The Maryland Senate Judicial Proceedings Committee on Feb. 5 held a hearing on a bill that would ban the use of the so-called panic defense in the state.
Senate Bill 46, sponsored by state Sen. Clarence Lam (D-Baltimore and Howard Counties), would ban a defendant’s use of a victim’s race, color, national origin, sex, gender identity or sexual orientation as an excuse for violence committed against them.
“This bill will insure that the defense cannot be used to mitigate murder to manslaughter, for example, and is not a defense to assault in any way,” Lam told the committee.
He added that the continued use of this defense fuels stereotypes, hate crimes and violence against LGBTQ people and other affected communities by blaming the victims for the crimes committed against them, and this “implies their lives are less than others.”
FreeState Justice Legal Director CP Hoffman told the committee that “despite the significant advances that the LGBTQ+ community has seen over the past couple of decades, we still face significant discrimination and violence at rates significantly higher than state and national averages.”
“We have seen multiple cases in Maryland where someone was charged with first degree murder and they were able to get that reduced to second degree murder or to either voluntary or involuntary manslaughter, through the use of a ‘panic’-style defense,” Hoffman testified.
Lambda Legal Senior Attorney Sasha Buchert, D’Arcy Kemnitz of the National LGBT Bar Association and Maryland ACLU Legislative Outreach Coordinator Jamie Grace Alexander, also representing the interests of Maryland’s Black transgender community, also testified in support of the ban.
“In 2020 there was a record number of murders targeting transgender people, particularly transgender people of color,” Buchert said, noting the brutal nature of the killings that included beatings and burnings.
Alexander told the committee that while this bill would impact other communities, “I’m here to specifically address the origins and consequences of this defense for my community.”
“Disclosure should be left to the LGBTQ person in order to reduce already disproportionate violence,” Alexander explained, stating Black trans women have the most to lose from “outing” and other forms of “phobic violence.”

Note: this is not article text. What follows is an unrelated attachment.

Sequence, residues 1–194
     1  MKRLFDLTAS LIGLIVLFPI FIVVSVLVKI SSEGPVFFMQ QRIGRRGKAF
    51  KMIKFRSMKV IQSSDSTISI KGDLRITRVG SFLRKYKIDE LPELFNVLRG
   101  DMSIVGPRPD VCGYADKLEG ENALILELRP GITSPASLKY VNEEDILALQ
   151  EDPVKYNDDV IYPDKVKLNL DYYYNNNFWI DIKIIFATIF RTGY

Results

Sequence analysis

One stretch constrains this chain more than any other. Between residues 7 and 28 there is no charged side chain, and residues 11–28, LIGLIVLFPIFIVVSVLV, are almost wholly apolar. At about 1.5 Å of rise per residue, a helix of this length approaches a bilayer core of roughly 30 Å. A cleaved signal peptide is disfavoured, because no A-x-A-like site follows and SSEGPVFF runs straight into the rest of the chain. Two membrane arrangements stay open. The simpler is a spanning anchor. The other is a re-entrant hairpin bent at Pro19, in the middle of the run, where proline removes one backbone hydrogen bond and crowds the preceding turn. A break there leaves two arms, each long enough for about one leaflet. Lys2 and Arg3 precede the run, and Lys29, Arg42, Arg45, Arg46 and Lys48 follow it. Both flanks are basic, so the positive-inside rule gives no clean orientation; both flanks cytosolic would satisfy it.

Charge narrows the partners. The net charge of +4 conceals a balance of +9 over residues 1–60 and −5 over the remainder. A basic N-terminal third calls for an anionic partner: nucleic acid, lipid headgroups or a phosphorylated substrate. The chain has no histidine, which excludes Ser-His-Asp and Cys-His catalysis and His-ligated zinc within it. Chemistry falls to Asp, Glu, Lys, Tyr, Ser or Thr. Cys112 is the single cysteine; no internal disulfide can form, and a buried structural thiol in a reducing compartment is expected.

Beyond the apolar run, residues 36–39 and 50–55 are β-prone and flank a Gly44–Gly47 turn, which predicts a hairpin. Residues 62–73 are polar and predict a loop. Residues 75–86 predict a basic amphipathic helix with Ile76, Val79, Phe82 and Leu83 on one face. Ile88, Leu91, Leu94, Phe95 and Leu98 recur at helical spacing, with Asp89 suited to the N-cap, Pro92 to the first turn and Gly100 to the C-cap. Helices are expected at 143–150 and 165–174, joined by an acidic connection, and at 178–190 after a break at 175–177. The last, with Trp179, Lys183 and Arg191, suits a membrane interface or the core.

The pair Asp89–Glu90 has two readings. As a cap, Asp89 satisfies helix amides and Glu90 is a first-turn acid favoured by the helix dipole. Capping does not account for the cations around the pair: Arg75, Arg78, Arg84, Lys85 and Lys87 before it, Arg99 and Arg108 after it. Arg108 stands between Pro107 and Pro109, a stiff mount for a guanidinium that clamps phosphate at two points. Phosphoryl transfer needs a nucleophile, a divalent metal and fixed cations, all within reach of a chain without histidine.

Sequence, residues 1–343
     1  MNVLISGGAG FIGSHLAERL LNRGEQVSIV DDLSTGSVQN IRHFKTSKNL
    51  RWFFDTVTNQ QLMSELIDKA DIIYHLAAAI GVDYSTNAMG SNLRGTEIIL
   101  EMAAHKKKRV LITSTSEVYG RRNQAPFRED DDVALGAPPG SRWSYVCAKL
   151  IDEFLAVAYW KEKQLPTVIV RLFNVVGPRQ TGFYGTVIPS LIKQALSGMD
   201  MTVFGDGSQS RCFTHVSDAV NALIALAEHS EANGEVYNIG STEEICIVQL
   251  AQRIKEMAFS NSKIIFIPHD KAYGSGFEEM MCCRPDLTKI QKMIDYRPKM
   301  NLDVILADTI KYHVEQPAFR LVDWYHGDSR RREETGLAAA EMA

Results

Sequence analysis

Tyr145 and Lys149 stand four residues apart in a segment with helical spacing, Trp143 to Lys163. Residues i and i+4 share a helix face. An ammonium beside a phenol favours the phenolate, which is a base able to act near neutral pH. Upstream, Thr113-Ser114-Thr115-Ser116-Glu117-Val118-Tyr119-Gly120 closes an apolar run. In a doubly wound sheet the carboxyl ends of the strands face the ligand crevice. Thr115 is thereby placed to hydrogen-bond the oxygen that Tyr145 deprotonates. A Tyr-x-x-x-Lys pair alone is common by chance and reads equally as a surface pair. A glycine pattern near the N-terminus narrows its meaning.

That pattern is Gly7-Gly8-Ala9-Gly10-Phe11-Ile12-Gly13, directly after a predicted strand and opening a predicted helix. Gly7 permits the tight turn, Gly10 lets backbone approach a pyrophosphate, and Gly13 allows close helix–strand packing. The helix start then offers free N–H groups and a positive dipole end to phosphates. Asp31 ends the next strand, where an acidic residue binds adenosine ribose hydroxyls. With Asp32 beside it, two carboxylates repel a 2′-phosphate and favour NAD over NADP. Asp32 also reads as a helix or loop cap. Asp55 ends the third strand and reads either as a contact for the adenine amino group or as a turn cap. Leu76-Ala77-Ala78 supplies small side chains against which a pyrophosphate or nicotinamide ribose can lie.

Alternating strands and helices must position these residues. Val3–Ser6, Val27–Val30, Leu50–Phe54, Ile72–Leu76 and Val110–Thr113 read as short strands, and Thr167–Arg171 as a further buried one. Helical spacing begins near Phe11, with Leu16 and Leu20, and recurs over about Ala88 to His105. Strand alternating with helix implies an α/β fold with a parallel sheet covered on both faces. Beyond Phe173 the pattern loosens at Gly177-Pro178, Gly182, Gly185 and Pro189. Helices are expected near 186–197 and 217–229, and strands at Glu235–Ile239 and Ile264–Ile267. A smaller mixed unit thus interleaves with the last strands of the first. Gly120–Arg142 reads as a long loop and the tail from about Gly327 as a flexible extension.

This bill, and its companion sponsored by state Del. Julie Palakovich Carr (D-Montgomery County) in the House of Delegates, failed to advance in the previous session, which was shortened due to the pandemic.
“Because of the early adjournment of the session, we didn’t have time to pass it or address it fully in the Senate,” Lam said.
He also pointed to the Attorney General Brian Frosh’s letter of support for this bill, which states “the discovery or perception of a person’s racial, sexual or gender identity can never be adequate provocation for murder or assault.” The letter also notes under Maryland’s current criminal law, discovery of a spouse having sex with another person is similarly “inadequate provocation” for violence.
State Sen. Michael Hough (R-Carroll and Frederick Counties), however, questioned if bias rage based on infidelity was actually similar to an LGBTQ “panic defense,” asking, “How do you square the two? They seem much different.”
Hoffman responded that this was a broader application of the infidelity bias-rage defense currently articulated in state law.
Gavin Patashnick from the Maryland State’s Attorneys’ Association also clarified that “there is no defense for diminished capacity when it comes to murder, so you cannot claim that because I had diminished capacity I could not form the intent for murder” as a general principle of law.
He added there are other examples in Maryland law of restrictions on defenses being used in certain situations.
State Sen. Charles E. Sydnor, III, (D-Baltimore County) wanted to know why race was added to essentially an LGBTQ “panic defense” ban.
Lam said it was to be as inclusive as possible because otherwise “it left open the possibility that someone could be discriminated against on the basis of race.” He also addressed the intersectionality of those who identify as both a member of the LGBTQ and other racial or ethnic communities, again citing hate crimes data where there was an overlap in acts committed.
Kemnitz, whose organization is leading national efforts to ban what she termed “a courtroom gimmick,” noted this matter is also being debated in Virginia and other states.
“This issue is also being heard in Virginia right now,” Kemnitz said. “And it’s being heard because of the frequency in which we see individuals who have ended up behind a defendant’s chair in a courtroom saying, ‘They brought it out in me. I did it because of who they are.’ Essentially, it blames a victim a second time, and it works.”
“And it further ensures that victims receive the justice that they are due,” she said.
Similar legislation has already passed in 12 jurisdictions and is advancing through Virginia and D.C. as well. A similar measure is also before Congress.
“Violent defendants cannot be allowed to claim that the victim’s identity was somehow to blame for the violence committed against them,” Lam told the committee, adding that such behavior can no longer be tolerated in Maryland.